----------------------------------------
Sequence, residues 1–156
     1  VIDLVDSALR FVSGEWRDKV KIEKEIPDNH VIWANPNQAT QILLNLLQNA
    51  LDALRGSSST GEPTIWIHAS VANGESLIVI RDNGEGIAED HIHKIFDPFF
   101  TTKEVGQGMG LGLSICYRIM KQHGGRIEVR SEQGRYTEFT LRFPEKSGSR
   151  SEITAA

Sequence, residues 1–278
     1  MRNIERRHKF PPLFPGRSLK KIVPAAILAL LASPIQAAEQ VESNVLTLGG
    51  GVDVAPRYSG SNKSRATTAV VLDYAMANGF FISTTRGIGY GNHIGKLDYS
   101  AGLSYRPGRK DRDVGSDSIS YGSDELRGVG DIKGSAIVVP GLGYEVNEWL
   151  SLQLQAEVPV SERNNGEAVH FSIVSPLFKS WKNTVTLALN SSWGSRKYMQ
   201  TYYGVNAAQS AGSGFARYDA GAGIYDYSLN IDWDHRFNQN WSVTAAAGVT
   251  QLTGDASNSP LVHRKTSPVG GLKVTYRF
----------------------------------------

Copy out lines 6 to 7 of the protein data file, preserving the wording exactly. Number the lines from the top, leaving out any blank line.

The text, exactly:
Sequence, residues 1–278
     1  MRNIERRHKF PPLFPGRSLK KIVPAAILAL LASPIQAAEQ VESNVLTLGG